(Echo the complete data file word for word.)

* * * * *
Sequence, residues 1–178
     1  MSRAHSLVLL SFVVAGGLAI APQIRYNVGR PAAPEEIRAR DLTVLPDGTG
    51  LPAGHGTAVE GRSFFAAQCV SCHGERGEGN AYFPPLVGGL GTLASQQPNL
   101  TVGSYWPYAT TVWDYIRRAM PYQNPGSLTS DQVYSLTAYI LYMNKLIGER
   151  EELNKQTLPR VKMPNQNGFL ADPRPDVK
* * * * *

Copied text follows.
Sequence, residues 1–178
     1  MSRAHSLVLL SFVVAGGLAI APQIRYNVGR PAAPEEIRAR DLTVLPDGTG
    51  LPAGHGTAVE GRSFFAAQCV SCHGERGEGN AYFPPLVGGL GTLASQQPNL
   101  TVGSYWPYAT TVWDYIRRAM PYQNPGSLTS DQVYSLTAYI LYMNKLIGER
   151  EELNKQTLPR VKMPNQNGFL ADPRPDVK